All of these speech excerpts may stir emotions, stimulate healthy debate, and serve to enliven political consciousness. But there are no easy answers. Clearly, we must raise the level of our financial literacy and understanding of political economics, which affects the health of our daily lives and our hopes for true democracy in the USA. I encourage people to read New Economic Perspectives at .

Dean Baker argues in order to

Dean Baker argues in order to reduce the USA’s trade deficit, we must devalue the dollar. Baker offers the example of U.S. versus Chinese trade. If the dollar is devalued by 10%, he says, Chinese goods will cost 10% less. But doesn’t this argument require current Chinese yuan and U.S. dollar exchange rates to be currently equal? Yet, they, obviously, are not. The U.S. dollar currently equals about 6.3444 Chinese yuans. Doesn’t this mean, the dollar would have to be devalued some 534% in order to even equal the yuan before Chinese goods cost less or the USA’s trade deficit is reduced?

Baker’s argument of the dollar being devalued 10% leading to Chinese goods costing 10% more seems false given the fact the dollar is worth over six times more than the yuan. Moreover, the USA simply doesn’t produce/manufacture the goods, which China does. So, one may be hard-pressed to figure out exactly which U.S.-made goods Baker referring to, as the U.S. has long transitioned to a largely service-based economy. Baker seems to completely ignore the most crucial cost of production—labour. Goods are made in China, even under the auspices of U.S. corporations/firms because those corporations refuse to pay living wages. Yet, Baker seems to assume simply devaluing the dollar will restore the USA’s manufacturing infrastructure and lead to manufacturing jobs. Yet, we know the reason U.S. corporations outsource to foreign labour markets is due to the global labour exploitation race to the bottom.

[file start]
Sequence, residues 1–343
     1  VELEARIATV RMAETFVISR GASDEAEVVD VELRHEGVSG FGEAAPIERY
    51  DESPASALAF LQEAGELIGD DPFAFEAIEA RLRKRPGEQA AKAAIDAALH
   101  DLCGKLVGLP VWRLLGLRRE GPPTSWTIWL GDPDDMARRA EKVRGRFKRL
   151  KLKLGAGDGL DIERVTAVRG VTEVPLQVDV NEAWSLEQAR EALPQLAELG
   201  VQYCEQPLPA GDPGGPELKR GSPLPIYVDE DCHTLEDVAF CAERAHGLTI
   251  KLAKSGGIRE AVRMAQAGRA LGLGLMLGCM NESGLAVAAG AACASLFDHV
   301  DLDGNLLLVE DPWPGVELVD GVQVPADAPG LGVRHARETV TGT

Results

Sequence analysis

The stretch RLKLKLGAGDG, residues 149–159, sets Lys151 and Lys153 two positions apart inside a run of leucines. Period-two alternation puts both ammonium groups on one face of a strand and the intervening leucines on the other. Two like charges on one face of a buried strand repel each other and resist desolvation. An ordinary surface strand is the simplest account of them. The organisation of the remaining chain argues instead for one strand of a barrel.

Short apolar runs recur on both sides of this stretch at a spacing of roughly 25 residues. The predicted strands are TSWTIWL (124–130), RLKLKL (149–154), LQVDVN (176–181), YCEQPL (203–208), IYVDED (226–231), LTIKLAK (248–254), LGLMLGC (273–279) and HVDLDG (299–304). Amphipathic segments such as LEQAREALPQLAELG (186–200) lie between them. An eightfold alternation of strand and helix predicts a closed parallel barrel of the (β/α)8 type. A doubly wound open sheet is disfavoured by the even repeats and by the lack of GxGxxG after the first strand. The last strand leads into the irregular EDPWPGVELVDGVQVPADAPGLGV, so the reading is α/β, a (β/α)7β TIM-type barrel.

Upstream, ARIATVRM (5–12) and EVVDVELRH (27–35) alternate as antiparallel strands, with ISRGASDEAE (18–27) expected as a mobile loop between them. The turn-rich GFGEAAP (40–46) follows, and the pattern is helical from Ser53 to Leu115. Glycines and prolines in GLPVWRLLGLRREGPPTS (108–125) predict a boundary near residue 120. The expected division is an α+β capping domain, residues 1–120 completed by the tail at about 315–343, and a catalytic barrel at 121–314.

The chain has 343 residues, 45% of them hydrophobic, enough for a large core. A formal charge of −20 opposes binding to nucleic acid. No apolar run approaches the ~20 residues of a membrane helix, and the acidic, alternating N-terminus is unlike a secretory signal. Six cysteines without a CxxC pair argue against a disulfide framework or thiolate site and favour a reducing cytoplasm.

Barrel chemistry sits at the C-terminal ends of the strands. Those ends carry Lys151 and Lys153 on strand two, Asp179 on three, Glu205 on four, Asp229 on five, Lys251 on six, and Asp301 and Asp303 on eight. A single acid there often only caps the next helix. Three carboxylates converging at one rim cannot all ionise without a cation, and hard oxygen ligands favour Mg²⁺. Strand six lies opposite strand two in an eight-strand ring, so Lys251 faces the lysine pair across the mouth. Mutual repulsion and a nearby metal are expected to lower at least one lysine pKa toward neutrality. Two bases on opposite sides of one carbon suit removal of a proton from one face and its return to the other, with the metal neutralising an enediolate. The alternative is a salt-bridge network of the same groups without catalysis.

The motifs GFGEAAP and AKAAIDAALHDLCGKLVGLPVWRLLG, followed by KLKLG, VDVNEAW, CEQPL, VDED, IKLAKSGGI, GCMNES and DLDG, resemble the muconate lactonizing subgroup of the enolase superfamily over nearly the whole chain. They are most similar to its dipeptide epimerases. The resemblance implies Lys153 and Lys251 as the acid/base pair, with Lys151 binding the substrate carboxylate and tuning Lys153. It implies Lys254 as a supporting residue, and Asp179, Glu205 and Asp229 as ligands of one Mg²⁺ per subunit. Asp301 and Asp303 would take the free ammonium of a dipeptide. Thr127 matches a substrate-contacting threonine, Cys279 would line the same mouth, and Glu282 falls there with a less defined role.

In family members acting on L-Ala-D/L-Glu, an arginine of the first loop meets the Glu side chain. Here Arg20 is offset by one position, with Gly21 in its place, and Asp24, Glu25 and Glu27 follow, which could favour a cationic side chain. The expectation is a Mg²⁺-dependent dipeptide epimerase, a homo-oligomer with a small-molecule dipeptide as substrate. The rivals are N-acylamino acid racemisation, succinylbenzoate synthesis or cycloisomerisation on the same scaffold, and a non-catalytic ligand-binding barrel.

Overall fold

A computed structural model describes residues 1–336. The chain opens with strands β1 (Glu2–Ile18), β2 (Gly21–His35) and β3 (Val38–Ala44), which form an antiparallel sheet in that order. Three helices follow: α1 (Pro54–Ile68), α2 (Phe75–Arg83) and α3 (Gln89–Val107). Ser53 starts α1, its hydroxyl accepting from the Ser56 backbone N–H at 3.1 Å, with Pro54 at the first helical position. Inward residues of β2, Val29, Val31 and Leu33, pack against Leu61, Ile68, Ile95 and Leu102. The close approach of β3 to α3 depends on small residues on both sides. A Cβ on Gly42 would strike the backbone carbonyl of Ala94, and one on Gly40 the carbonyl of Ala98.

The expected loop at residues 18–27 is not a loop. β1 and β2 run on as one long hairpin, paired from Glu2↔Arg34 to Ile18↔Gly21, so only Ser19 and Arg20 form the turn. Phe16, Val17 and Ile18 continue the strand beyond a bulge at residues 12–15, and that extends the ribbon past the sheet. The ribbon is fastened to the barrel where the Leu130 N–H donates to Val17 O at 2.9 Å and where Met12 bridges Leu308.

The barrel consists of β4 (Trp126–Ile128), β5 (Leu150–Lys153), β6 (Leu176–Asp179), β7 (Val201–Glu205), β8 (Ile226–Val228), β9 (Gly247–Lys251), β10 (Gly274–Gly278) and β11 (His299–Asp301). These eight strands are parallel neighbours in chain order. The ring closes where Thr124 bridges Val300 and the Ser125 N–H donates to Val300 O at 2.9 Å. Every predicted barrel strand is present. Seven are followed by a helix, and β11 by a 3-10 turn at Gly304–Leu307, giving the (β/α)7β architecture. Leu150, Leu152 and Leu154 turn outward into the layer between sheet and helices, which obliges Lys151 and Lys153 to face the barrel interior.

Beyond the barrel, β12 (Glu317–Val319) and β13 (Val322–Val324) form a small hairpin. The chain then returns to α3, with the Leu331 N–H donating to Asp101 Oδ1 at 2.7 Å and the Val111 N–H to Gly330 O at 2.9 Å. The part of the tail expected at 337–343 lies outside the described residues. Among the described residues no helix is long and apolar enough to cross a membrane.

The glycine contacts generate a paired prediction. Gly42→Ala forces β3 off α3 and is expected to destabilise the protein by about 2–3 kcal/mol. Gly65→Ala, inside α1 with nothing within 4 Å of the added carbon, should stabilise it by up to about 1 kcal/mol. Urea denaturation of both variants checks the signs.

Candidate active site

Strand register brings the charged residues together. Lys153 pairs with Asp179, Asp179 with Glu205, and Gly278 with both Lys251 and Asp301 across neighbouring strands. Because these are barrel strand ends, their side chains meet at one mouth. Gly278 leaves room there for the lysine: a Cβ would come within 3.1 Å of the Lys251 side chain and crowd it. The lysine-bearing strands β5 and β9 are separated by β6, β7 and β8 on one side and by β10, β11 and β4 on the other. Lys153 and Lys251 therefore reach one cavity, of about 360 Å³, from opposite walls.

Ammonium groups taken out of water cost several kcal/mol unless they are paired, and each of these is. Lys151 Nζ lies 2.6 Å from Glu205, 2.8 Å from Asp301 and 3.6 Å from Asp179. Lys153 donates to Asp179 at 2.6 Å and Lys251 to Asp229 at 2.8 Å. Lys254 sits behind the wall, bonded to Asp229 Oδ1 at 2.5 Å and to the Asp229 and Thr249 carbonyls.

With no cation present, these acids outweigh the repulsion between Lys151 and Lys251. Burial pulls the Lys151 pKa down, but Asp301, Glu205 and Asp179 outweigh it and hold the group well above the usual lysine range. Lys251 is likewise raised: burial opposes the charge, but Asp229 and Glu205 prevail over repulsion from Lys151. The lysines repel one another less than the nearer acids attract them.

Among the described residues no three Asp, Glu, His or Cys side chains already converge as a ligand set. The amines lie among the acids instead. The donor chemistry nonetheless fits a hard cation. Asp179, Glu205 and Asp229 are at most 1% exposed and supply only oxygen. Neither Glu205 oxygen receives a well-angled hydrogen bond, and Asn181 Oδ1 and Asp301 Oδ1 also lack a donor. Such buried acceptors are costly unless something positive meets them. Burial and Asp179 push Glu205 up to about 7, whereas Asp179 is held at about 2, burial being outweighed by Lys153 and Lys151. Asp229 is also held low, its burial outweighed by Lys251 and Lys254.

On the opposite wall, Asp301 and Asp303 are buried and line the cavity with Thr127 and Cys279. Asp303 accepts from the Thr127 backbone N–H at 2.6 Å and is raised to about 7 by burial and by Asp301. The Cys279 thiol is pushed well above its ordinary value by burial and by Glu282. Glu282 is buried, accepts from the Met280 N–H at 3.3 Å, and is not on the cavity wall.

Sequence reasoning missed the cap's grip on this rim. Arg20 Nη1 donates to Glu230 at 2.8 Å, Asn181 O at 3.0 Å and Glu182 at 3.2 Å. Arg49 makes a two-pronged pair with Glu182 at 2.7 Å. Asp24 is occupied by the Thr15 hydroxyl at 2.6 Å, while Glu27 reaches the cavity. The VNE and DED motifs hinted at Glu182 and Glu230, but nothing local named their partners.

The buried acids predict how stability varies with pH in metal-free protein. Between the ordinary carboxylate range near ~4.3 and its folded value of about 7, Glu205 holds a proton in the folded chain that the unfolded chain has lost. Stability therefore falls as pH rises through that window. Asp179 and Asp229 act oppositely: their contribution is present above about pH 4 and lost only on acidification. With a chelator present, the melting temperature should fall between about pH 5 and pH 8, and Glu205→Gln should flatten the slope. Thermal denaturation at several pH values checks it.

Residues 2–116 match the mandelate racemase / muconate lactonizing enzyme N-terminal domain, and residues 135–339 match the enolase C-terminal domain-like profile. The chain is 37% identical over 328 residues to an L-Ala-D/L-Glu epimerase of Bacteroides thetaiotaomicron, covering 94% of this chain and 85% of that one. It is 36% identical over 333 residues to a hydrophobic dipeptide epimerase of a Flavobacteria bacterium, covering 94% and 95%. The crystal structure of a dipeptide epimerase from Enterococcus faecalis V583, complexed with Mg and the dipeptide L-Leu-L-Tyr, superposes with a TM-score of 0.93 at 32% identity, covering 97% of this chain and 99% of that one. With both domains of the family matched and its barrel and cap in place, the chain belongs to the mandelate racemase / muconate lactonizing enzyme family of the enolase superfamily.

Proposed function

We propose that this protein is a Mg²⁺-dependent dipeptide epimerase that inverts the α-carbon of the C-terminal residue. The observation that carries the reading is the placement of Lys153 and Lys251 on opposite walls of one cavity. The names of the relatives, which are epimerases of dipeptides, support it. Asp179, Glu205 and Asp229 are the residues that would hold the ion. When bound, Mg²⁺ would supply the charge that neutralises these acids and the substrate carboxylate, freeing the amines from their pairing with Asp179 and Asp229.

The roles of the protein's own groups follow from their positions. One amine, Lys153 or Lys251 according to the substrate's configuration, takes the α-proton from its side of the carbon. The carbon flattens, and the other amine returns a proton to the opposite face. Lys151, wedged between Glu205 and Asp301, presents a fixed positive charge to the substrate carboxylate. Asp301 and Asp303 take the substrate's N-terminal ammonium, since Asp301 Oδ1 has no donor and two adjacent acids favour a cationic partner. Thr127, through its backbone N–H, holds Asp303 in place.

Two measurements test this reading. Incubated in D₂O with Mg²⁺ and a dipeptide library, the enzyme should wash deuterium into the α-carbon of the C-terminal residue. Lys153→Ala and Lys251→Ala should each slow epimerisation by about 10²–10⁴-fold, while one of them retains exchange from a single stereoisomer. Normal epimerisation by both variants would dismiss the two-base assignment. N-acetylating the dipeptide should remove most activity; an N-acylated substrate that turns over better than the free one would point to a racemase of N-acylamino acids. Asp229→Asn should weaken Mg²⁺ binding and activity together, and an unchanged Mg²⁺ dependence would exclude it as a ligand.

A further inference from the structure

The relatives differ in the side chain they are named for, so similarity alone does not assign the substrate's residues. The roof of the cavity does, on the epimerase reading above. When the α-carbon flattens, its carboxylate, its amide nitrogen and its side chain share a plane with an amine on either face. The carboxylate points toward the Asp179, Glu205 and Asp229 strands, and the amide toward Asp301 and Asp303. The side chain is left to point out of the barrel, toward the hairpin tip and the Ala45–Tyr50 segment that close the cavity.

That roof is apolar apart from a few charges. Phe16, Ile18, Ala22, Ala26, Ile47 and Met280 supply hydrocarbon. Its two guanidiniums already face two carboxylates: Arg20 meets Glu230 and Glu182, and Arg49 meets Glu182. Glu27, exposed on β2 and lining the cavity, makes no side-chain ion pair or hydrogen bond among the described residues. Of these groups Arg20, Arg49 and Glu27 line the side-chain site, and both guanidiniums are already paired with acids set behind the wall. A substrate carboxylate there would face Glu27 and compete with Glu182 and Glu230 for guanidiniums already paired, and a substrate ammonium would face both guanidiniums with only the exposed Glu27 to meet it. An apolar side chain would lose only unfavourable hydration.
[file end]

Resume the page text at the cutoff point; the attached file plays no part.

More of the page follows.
Also, Baker’s approach to pressuring China to “raise the value of currency against the dollar” is to protect the copyrights and patents of corporate monopolies like Microsoft and Pfizer. It’s very interesting to note Baker’s solutions involve protecting the rights of corporations rather than those of workers. It’s important to remember ‘prominent’ economic analysts do not exist in a vacuum independent of national and international political superstructures. I’d bet Dean Baker is politically aligned with the Democrat Party. Baker’s tepid critique of Obama doesn’t persuade me otherwise.

Similarly, Paul Krugman also functions to obfuscate political economics and working-class realities. Consider Dr. Michael Hudson’s recent critique of Krugman’s neoclassical worldview (similar to Baker’s):

“Without recognizing the role of debt and taking into account the magnitude of negative equity and earnings shortfalls, one cannot see that what is preventing American industry from exporting more is the heavy debt overhead that diverts income to pay Finance, Insurance and Real Estate (FIRE) expenditures. How can U.S. labor compete with foreign labor when employees and their employers are obliged to pay such high mortgage debt for its housing, such high student debt for its education, such high medical insurance and Social Security (FICA withholding), such high credit-card debt – all this even before spending on goods and services?

In fact, how can wage earners even afford to buy what they produce? The problem interfering with the circular flow between producers and consumers (“Say’s Law”) is not “saving” as such. It is debt payment. And unless debts are written down, the U.S. economy will shrink just as will the economies of Greece, Spain, Portugal, Italy, Ireland, Iceland and other countries subjected to the Washington Consensus of neoliberal austerity.”